The apex court verdict favoring the collegium system over the National Judicial Appointments Commission has pitted the judiciary against the executive. Can the crisis be used to usher in judicial reforms?
By Ramesh Menon
When the apex court rejected the 99th Constitutional Ame- ndment that created the National Judicial Appointments Com- mission (NJAC), it was seen as one of the most controversial judgments since Independence. The NJAC was to appoint judges to the Supreme Court and high courts.
The judgment came as a shock to the government that had spared no effort in pushing it through parliament. The center had taken the stance that the earlier collegium system that appointed judges was faulty and wanted to bring in a system where the executive would have a greater say in who should be appointed to the higher judiciary.
Justice Jagdish S Khehar, who headed the five-member bench that gave this verdict, said there had been no case in the past where the central government had said that the judge being appointed had no integrity. Justice Madan B Lokur pointed out that the presence of the law minister in the NJAC casted a doubt on the principle of cabinet responsibility. Justice Kurian Joseph said that further hearing was required on the matter as the collegium system needed to be improved. Justice Adarsh K Goel said that the constitution signified the will of the people, while the parliament only represented the people’s will at a given point of time. Justice J Chelameswar, the sole dissenting judge in the bench, argued that to entirely eliminate the government from the selection process was against the country’s democratic principles.
- Some of the reasons he gave for his dissenting opinion were:
Transparency is a vital factor in constitutional governance and judicial appointments but proceedings of the collegium were absoutely opaque and inaccessible.
The assumption that “primacy of the judiciary” in the appointment of judges is a basic feature of the constitution “is empirically flawed”.
- There were cases where the apex court collegium “retraced its steps” after rejecting recommendations of a particular name suggested by the high court collegium, giving scope for a great deal of “speculation”. The records were absolutely beyond the reach of any person, including judges other than the Chief Justice of India (CJI) and so did not enhance the credibility of the judiciary.
- Attorney-general Mukul Rohatgi was right in his submission that exclusion of the executive branch was destructive to the basic feature of checks and balances—a fundamental principle in constitutional theory.
The judgment sent a clear message to the executive that it would brook no interference in its function and that its independence was supreme. It restored the collegium system that was in vogue for more than four decades, where the CJI and a group of judges had the final say.
The NJAC, on the other hand, comprised three Supreme Court judges, the law minister and two eminent persons. It would, therefore, have only 50 percent of say in the appointments of judges. And the general apprehension was that the government would hold its sway in the appointments.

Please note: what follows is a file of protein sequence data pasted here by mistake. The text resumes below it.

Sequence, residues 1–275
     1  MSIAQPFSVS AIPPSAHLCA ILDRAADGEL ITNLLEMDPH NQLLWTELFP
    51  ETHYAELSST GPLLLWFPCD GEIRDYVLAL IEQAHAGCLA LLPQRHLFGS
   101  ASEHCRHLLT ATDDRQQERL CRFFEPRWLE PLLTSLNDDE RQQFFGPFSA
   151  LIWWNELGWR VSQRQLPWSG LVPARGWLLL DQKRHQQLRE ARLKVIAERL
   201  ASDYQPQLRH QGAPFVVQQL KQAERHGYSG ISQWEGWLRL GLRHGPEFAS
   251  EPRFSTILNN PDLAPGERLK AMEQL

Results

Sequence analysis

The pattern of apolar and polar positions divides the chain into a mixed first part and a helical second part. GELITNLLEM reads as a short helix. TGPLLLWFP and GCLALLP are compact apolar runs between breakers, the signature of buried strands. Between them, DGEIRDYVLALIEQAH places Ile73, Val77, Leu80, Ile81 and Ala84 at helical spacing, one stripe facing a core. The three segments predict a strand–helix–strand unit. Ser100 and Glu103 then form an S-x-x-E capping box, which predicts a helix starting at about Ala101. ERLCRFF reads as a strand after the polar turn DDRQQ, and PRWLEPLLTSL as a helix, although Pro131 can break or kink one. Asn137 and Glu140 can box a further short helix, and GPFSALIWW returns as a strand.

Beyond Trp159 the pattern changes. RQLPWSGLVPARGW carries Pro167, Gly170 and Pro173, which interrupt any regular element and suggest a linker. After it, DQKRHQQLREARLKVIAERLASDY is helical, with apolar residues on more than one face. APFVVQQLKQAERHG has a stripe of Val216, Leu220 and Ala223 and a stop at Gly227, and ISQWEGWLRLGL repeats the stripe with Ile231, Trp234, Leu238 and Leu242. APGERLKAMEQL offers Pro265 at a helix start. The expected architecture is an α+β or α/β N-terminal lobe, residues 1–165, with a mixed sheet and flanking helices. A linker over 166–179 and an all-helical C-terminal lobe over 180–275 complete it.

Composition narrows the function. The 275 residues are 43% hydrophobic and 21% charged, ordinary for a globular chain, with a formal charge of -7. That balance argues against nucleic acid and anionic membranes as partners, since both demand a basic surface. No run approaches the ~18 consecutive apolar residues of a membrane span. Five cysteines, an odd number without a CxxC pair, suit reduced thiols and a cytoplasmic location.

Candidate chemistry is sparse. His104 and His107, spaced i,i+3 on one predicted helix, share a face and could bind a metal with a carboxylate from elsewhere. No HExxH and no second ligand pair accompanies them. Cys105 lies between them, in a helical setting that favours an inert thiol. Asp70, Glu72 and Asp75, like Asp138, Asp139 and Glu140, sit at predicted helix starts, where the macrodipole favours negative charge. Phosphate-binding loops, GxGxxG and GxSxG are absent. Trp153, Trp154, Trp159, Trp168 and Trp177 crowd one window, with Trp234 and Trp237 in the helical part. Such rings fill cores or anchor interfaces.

Numerous BJP leaders like Kalraj Mishra who is the Union minister for micro, small and medium enterprises, said that striking down the unanimously passed NJAC Act was an effort to weaken parliament’s sovereignty. In a public debate on the judgment, RM Lodha, former CJI, said that while the legislature has all the powers to make laws, it was for the judiciary to determine whether the law had destroyed basic features of the constitution and if it did, it was its duty to strike it down.
The government’s view was that the constitution never envisaged primacy of the CJI in appointing judges and the Supreme Court had wrongly assumed it.
Soon after the judgment, the government reacted strongly, which was hardly surprising as it was clear that it wanted control over the appointment of judges. There have been numerous instances in the past when the law minister has called the shots for appointments. Law Minister Sadananda Gowda said that he was surprised. Finance Minister Arun Jaitley criticized it in a Facebook post saying: “Indian democracy cannot be a tyranny of the unelected.” Union minister Ravi Shankar Prasad who was earlier a law minister, said that the judgment was against the will of the people as the NJAC bill was unanimously passed in parliament by those who had been elected on a popular vote.
Sources close to the government said that it would at an appropriate time later try to again introduce another bill. Jaitley has publicly said that primacy of parliament is part of the basic structure of the constitution and the appointment of judges was a non-transparent process.
EASIER SAID THAN DONE
However, it may not be so easy to push through this legislation again. The Congress, which had earlier supported the creation of the NJAC, backtracked saying that it would not support the government if it tried to go against the Supreme Court verdict.
Nick Robinson, a research fellow at the Centre for Legal Profession at Harvard Law School, pointed out that the Congress and many others in civil society saw merit in the apex court judgment as they were worried about the BJP-led government trying to poli-ticize independent institutions and intimidate dissenters.
The five-member bench which heard the NJAC case will now hear suggestions from all parties on November 3 on how the collegium system can be improved. Legal experts say that the case should have been heard by a larger bench as the original judgment that brought in the collegium system was heard by nine judges.